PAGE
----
The auction is over. It raised 300,000 pounds, which is about $450,000. Hardly any for her. About $7,500.
Twice a year, an auction firm, Henry Aldridge and Son, conducts an auction of Titanic-related stuff. Millvina Dean's remaining stuff was but one lot in last Saturday's auction.
A key found on the body of Edmund Stone, a steward who used it to try to save mail but which allowed many third-class passengers a route to escape, was auctioned by the family and brought 59,000 pounds, about $90,000, from a private Irish collector.
A flask a man used to give his wife and two daughters some milk, lowering himself into their lifeboat then returning to the deck, as a man would do, brought 37,500 pounds. Two letters from passengers brought about 27,000 pounds each.
A collection owned by Barbara Dainton (West) went for 60,000 pounds. She passed away in October 2007, leaving Millvina Dean the last living survivor.
What about Millvina Dean? Her lot, including the canvas bag mentioned in my prior post, brought about 5,000 pounds, roughly $7,500, which at 3,000 per month for her nursing home, is about a month and a half's worth. The bag itself brought 1,500 pounds, about half a month's nursing home bill.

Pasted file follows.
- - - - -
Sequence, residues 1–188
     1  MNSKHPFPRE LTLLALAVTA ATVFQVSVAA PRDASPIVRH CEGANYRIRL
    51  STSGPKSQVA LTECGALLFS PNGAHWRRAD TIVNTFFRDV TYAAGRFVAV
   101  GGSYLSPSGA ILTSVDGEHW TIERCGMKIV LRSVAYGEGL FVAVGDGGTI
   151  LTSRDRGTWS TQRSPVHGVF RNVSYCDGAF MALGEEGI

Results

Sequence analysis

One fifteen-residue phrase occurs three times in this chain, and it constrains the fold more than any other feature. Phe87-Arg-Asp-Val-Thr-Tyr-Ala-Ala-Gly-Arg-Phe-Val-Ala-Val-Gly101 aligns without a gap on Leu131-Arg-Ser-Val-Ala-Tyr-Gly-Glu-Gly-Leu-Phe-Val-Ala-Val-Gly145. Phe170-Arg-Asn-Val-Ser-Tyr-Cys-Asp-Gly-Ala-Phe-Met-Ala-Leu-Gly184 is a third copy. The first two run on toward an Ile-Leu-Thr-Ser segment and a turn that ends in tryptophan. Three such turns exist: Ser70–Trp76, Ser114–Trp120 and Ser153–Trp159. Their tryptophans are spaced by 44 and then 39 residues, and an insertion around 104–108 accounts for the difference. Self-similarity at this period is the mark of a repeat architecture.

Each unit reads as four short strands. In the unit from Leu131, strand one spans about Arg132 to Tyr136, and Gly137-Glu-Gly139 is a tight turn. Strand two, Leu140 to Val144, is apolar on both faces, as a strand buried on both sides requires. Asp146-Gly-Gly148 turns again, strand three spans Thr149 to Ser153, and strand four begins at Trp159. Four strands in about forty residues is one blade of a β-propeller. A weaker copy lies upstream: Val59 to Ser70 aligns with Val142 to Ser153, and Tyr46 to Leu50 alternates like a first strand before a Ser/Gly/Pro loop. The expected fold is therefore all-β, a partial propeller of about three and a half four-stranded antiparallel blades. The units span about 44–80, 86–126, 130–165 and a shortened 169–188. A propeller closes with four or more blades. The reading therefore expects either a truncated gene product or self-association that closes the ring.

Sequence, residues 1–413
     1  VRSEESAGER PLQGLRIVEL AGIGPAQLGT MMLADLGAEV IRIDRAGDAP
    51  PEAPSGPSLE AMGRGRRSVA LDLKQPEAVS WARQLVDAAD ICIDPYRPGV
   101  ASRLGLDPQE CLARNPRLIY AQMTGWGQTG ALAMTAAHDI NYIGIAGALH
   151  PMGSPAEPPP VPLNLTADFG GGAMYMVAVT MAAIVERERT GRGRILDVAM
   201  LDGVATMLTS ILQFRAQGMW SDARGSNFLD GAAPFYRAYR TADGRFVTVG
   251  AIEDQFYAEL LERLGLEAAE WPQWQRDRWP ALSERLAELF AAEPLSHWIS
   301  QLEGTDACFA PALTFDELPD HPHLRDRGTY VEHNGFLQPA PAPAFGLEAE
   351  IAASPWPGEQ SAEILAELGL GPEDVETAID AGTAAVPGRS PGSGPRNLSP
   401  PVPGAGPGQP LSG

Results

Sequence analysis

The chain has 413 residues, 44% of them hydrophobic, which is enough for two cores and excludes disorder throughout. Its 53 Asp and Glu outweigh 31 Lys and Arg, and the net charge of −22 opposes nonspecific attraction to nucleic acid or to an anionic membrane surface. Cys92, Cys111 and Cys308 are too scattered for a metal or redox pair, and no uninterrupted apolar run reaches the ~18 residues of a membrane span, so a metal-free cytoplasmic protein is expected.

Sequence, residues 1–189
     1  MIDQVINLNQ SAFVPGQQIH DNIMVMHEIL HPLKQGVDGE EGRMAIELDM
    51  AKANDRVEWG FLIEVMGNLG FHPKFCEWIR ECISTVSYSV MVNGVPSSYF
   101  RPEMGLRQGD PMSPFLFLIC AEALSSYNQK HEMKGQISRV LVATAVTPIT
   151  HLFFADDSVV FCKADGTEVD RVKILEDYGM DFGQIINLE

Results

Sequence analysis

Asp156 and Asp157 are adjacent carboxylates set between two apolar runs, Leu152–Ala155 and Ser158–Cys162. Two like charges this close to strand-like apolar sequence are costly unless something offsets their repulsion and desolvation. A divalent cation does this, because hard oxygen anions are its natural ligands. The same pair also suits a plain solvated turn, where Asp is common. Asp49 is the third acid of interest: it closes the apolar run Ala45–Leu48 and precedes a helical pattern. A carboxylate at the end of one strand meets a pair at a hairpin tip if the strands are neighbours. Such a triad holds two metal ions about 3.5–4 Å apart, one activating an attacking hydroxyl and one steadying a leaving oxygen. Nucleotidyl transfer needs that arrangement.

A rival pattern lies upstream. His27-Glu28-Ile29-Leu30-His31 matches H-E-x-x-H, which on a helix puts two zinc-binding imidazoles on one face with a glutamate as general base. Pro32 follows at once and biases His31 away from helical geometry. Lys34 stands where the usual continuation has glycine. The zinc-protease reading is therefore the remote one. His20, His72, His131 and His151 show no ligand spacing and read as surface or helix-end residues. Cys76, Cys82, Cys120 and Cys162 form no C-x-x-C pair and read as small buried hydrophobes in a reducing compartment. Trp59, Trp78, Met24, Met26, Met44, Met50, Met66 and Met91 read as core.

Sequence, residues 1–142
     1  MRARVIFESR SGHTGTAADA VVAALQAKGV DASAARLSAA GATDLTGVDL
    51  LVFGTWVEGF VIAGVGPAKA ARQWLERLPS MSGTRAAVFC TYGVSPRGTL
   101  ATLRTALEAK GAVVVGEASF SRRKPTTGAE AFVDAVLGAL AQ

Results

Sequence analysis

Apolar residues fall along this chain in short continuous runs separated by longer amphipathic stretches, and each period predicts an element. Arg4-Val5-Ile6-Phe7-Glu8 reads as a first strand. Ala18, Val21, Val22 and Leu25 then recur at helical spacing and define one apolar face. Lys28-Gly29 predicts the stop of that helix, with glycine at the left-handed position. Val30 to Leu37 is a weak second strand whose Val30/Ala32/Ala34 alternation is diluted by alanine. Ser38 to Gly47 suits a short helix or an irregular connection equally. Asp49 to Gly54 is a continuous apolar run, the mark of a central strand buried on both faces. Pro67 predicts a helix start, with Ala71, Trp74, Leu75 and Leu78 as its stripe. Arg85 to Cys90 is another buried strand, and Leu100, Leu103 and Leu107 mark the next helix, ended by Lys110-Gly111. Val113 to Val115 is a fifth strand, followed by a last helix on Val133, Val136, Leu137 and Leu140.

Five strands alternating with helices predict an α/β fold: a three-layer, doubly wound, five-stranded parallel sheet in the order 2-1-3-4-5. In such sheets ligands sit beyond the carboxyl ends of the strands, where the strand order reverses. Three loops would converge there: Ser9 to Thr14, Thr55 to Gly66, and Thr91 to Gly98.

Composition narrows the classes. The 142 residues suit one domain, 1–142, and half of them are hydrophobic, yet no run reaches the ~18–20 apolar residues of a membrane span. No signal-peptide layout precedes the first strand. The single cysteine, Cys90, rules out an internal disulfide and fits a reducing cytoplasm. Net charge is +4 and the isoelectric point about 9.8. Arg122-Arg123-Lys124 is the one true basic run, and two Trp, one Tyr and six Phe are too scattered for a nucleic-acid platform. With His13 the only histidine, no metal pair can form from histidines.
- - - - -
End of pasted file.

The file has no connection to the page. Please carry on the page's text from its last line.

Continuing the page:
$7,500 for a 97-year-old trying to stay in her choice of nursing home, out of $450,000 total of Titanic artefacts. I guess the demand just wasn't that big for what she supplied, so the system worked again, huh. Well, apparently the story has brought some private donations as well.
Funny thing, though. The auctioneer said when the man, apparently a London businessman, who remains anonymous, came to pay for the bag, he wouldn't take it and said to give it back to her.
Now there's a real Englishman. Or human being of any description. Also the private donors.
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